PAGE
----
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The Sad State of The Chicago Bulls Shooting Guards | Indignant Online
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The Sad State of The Chicago Bulls Shooting Guards

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With the addition of Carlos Boozer, the Chicago Bulls are a very fashionable choice as a top 4 team in the East and a championship contender.  The thing is, the Bulls are actually one of the weaker teams in the league at the shooting guard position and rookie coach Tom Thibodeau may have to make some serious “offense or defense” decisions when setting his line-up.

The real offensive question for the Bulls is outside shooting and this is where the Bulls fouled up badly in off-season.  You can’t blame Bulls GM Gar Forman for Atlanta offering a much ridiculed max contract to Joe Johnson.  On the other hand, you really have to wonder how serious Dwayne Wade was in his talks with the Bulls, given how orchestrated most of Miami’s signings seemed and how long Wade, Bosh and James had been discussing playing together.  When the Bulls prematurely traded Kirk Hinrich to clear cap space for signing Wade and, presumably, Bosh, they trashed their outside shooting and made the team less of a contender than they would’ve been by simply signing Boozer and leaving Hinrich slightly out of position at the shooting guard slot.  (For the record, I think Hinrich is a top of the line combo guard off the bench, rather than a starter at the 1 or 2 positions, but he’s certainly better than what they have now.)

Prior to any signings, who was the best long range shooter the Bulls had on contract?  That would be Luol Deng, who’s quietly improved and shot .386 from beyond the arc, last season.  Granted, that was only 83 attempts and 32 makes, so he was being very careful on the trigger, but .386 is best of class here.

There’s plenty of buzz about Derrick Rose improving his jumper over the summer, but we really need to wait and see what happens when the season starts, since his three-point percentage was a meager .267 (16-60).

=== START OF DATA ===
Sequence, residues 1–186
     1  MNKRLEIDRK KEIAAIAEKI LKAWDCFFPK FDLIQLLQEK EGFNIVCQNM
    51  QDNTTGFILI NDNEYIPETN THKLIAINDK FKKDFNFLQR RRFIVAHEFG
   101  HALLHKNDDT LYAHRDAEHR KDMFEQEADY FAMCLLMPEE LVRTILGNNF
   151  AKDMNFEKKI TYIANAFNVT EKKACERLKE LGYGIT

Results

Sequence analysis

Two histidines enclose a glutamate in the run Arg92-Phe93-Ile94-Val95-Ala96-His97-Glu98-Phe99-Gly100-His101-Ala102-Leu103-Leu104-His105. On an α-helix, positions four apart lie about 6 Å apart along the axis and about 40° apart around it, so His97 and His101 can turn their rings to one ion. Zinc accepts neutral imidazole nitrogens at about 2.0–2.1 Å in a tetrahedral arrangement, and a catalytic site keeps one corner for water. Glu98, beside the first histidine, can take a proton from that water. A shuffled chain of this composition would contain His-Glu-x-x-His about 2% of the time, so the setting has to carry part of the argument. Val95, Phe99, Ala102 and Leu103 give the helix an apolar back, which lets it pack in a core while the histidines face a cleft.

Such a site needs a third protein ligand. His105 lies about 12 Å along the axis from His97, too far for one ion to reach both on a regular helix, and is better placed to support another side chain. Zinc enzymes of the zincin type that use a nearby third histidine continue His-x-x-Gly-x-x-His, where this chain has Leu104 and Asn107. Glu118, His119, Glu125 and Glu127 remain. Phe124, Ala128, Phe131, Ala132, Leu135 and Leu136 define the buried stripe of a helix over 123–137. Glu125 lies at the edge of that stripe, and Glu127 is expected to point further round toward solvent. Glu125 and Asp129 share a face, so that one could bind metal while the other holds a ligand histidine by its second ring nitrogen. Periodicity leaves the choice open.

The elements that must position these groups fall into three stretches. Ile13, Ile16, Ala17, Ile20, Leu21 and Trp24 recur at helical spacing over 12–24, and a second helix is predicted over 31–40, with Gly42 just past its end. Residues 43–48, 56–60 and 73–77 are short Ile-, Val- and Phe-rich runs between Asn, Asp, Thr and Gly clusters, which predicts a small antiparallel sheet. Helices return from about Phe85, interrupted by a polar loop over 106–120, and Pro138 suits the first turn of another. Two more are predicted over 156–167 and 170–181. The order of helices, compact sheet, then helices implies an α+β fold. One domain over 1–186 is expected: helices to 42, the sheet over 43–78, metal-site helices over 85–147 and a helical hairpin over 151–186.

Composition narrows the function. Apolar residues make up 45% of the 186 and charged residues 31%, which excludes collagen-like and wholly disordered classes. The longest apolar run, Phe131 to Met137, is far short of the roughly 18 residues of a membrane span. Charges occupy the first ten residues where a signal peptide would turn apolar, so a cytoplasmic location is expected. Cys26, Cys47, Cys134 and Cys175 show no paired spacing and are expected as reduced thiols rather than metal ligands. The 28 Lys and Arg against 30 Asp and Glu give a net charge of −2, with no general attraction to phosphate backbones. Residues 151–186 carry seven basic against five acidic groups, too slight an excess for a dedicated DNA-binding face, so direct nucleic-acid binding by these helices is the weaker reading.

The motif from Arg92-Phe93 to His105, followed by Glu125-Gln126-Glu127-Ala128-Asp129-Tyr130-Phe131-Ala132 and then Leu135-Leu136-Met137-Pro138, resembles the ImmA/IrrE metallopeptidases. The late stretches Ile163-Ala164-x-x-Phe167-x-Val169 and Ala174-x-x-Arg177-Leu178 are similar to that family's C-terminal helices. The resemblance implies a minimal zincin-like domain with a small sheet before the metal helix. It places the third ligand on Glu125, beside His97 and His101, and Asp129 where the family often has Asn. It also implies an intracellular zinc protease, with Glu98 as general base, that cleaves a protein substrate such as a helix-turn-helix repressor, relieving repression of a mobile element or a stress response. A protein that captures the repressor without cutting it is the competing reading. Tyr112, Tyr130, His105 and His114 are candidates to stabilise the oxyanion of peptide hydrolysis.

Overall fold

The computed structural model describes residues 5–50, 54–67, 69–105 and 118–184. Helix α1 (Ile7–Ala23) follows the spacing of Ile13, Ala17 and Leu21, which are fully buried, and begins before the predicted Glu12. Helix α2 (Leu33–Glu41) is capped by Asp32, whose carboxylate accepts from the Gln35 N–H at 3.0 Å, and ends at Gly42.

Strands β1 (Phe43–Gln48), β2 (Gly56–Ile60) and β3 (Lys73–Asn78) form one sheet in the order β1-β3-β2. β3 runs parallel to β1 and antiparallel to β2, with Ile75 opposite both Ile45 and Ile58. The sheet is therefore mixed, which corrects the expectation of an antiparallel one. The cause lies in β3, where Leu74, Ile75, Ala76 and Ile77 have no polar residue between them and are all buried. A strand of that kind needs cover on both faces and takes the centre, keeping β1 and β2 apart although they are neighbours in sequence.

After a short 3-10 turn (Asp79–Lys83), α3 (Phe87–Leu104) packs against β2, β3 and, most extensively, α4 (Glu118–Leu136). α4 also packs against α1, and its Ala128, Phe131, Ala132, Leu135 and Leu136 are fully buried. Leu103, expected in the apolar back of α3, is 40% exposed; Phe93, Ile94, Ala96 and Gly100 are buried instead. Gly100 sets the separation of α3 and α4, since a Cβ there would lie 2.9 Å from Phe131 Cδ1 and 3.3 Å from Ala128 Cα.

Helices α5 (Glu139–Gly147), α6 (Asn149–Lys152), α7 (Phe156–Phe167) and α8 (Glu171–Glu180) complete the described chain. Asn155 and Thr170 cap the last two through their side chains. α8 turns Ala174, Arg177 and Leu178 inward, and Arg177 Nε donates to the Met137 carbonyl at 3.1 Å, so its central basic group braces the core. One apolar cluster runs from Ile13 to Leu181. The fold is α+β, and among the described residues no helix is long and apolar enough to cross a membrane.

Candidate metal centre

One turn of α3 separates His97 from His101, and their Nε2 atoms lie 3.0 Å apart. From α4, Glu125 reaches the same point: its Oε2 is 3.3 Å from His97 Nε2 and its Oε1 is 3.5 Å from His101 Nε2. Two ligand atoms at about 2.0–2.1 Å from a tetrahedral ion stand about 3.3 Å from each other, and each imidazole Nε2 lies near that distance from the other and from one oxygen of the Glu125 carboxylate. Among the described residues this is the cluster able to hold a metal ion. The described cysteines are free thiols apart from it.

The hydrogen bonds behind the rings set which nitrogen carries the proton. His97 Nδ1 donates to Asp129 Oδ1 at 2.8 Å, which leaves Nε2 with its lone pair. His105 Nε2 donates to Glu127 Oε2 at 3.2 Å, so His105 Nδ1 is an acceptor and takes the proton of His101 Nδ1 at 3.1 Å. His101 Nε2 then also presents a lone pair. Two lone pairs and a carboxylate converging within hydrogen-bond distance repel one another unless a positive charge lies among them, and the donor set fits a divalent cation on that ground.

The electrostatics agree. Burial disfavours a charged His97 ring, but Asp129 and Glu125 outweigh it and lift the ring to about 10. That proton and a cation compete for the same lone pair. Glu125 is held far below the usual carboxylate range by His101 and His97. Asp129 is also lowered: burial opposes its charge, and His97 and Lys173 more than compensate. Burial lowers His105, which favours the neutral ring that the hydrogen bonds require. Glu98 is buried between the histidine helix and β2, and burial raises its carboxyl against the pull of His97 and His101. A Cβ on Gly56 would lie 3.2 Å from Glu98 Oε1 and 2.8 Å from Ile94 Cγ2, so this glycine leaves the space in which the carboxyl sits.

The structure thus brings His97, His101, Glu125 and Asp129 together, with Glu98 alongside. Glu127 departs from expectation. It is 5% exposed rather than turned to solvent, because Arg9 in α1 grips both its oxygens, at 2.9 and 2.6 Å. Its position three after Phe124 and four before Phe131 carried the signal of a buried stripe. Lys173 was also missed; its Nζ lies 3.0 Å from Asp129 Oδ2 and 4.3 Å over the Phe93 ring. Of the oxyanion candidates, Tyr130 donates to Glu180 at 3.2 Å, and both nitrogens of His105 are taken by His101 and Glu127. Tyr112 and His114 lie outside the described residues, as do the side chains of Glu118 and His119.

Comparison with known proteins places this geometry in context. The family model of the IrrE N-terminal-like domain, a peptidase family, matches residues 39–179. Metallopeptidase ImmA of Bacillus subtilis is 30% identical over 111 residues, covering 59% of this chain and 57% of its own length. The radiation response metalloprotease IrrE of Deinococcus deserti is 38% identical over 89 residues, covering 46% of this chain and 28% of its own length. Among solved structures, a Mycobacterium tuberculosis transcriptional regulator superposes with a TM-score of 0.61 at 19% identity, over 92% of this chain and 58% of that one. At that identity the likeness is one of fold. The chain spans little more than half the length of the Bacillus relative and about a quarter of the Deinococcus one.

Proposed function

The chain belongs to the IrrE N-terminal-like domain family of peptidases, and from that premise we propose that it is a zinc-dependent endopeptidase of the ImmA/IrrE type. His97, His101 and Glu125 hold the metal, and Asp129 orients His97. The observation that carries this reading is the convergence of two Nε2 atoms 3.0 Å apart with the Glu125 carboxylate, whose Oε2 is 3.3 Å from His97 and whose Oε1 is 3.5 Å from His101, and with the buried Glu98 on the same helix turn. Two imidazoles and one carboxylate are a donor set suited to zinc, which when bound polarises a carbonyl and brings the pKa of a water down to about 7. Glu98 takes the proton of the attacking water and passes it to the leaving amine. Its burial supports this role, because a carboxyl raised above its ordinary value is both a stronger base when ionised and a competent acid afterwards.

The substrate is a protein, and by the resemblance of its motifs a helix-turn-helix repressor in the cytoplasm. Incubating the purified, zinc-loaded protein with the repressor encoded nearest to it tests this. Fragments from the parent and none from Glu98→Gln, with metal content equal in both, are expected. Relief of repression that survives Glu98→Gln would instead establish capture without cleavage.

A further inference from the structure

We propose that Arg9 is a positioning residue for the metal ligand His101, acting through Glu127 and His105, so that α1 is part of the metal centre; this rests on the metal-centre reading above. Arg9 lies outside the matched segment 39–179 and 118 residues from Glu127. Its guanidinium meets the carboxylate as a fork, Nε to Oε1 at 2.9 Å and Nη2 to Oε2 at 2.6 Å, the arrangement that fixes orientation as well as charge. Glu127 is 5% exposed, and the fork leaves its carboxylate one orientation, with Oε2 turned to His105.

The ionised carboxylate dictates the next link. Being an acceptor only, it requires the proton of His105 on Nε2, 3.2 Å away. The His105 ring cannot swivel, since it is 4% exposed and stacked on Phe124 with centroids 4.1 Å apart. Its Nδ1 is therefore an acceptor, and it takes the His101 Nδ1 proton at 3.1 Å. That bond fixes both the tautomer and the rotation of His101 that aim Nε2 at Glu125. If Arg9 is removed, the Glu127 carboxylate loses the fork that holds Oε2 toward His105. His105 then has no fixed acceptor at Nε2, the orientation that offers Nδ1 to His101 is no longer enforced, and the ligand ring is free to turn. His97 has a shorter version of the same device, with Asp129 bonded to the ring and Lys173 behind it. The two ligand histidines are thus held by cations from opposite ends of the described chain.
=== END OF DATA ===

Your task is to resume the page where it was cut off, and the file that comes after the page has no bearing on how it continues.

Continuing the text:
Fun fact: Brad Miller, the back-up center, was 37 of 132 from 3-point range.  Yes, the back-up center made more 3’s than the starting point guard and small forward.  Are we seeing a red flag yet?

And this brings us to the shooting guard candidates: Kyle Korver and Ronnie Brewer.  Two more players, like Boozer, who were with Utah last year, so at least maybe you’ll get some chemistry.  The conventional thinking is that Brewer will start because of his defensive skills.  We’ll have to wait and see on this, since Brewer may be a bit of a liability on offense in a half-court set.  On the other hand, while he’s an excellent outside shooter, Korver hasn’t demonstrated a whole lot of defensive aptitude or willpower over the years.

Before we dissect the 2 in greater detail, let’s look at where the Bulls main minute-takers score on the floor.  Pending this rumored improved jumpshot, Derrick Rose has scored taking it to the rim and from mid-range.  Carlos Boozer can score in the post or leak out and hit a jumper out to somewhere in the 15-18 feet range, essentially scoring anywhere but 3-point range.  Joakim Noah is emerging from garbage man status.  He _does_ have a jumpshot out to 12 feet-ish, but he has an odd and very slow release, so he has to be very wide open to get it off.  Still, most of his scoring is going to be around the rim.  Deng is very good mid-range jumpshooter, especially pulling up off the dribble.  He’s showing some promise spotting up for 3s, and while he can get to the rim off the dribble, he’s not particularly efficient at finishing in traffic.